Also, make time for everyone to talk about non-work related matters. You can send around a monthly newsletter that keeps everyone up-to-date on their co-workers lives. Employees can share information about their hobbies or weekend activities as a way to get to know and relate to each other.

Tip: If you use a intracompany messaging system, have a common chat room where any office banter is free-game — just like a company water cooler.

Recognizing accomplishments

The Problem: It’s easy for employees in any environment to feel overlooked. In fact, a 2017 Officevibe survey found that 63 percent of employees don’t feel they receive enough praise. Since you can’t give a pat on the back through a computer screen, virtual employees are even more likely to feel unappreciated.

The Solution: It’s so simple we often forget how far thank-yous go. Make a conscious effort to show your gratitude when employees put in a hard day of work.

Just be careful that your recognition doesn’t lose its sincerity. If you say “thanks” at the same time for the same reasons, employees will think you don’t really mean it. Instead, be clear about what you’re acknowledging. Say “great job on the sales report this month” so the individual can tie the praise to a particular accomplishment.

It is also beneficial to record videos recognizing employees. This allows them to see your face and hear your tone so they know how serious you are.

Tip: Don’t privatize employee praise. Be sure to let everyone know who’s done especially well lately. That will make the acknowledgement more meaningful for the recipients.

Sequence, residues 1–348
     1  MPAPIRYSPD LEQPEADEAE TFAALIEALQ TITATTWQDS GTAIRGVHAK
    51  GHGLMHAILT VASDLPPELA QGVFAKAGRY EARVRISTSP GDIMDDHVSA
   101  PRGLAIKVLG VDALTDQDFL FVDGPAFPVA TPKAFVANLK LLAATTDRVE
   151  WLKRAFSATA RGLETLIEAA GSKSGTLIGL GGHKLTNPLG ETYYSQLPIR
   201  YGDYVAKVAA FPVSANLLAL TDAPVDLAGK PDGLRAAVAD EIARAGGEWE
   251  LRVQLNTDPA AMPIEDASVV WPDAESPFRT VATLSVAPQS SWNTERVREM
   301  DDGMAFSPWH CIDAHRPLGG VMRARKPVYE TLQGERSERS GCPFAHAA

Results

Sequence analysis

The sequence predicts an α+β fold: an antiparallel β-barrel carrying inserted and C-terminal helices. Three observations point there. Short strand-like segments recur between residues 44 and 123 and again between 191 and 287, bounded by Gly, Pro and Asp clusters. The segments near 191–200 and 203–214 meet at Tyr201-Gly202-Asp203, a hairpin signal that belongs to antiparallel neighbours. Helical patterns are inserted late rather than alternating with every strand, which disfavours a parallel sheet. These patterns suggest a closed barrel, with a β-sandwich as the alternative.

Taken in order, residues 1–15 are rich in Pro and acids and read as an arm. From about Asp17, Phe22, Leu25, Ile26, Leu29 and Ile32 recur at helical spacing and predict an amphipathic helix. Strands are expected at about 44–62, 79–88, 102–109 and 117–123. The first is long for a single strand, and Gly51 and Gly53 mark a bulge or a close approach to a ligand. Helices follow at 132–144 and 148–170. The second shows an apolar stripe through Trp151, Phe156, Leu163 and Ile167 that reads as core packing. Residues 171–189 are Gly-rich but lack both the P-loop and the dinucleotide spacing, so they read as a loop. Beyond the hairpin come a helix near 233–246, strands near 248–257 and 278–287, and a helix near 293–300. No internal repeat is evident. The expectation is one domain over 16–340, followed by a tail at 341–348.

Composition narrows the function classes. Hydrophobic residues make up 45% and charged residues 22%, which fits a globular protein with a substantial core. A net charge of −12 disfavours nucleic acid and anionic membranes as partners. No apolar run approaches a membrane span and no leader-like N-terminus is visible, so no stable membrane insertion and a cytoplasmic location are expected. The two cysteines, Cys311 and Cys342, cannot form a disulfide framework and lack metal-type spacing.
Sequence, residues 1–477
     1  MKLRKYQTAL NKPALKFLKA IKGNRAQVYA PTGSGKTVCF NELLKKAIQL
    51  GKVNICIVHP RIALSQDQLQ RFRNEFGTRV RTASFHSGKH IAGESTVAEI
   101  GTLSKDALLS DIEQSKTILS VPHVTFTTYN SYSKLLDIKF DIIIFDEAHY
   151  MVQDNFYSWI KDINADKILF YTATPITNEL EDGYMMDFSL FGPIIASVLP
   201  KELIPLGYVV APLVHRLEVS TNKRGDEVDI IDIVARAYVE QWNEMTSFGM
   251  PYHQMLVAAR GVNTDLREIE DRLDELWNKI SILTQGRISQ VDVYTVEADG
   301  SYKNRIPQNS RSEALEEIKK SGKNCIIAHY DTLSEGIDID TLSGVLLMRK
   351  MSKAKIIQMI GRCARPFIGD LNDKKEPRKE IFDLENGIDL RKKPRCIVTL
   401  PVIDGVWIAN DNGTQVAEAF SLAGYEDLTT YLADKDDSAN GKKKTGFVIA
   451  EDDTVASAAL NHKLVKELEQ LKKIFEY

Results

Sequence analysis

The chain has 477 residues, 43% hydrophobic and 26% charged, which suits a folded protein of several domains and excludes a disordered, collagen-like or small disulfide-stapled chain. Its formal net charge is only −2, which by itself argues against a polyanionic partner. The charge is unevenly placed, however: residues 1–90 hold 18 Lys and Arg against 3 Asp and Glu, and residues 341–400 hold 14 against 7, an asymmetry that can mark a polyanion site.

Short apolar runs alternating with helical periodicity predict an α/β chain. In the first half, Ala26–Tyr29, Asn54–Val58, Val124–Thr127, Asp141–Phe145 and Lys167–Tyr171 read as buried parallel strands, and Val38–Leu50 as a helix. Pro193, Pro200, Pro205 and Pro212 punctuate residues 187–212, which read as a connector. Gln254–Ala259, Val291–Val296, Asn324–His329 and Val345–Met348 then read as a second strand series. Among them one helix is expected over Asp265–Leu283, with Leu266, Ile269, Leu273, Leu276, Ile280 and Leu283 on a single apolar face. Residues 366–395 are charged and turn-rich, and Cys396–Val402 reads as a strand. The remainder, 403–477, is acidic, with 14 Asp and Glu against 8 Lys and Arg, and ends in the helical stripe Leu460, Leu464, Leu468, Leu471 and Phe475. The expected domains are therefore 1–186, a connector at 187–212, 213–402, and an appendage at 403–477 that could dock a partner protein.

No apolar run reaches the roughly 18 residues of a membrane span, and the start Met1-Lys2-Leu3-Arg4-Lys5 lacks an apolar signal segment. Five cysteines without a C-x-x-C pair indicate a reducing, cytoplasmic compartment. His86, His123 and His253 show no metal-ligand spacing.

Evaluating performance

The Problem: In a virtual environment, managers often only see the end product, not the process. This can make it difficult to accurately give suggestions on ways employees can improve.

Plus, if you’re waiting for a completed project or task before providing feedback, it might be too late. Either employees will feel like they are neglected for a long period of time or that the guidance is worthless since the project is over.

The Solution: The more frequently you check in with virtual employees, the more steps you can see in their process. This increases the chances that you will identify where they can improve more accurately.

Schedule weekly “meetings” with individuals and discuss what they’ve been working on. Ask them if there’s been anything slowing them down and why it’s been an issue. This will make both you and the employee more aware of how they approach and complete a task.

Tip: Use technology, like screen shares, occasionally so you can see if employees are properly using the software and tools at their disposal.

Josh Tolan

Josh Tolan is the Founder and CEO of Spark Hire, a video interviewing platform used by 6,000+ customers in over 100 countries.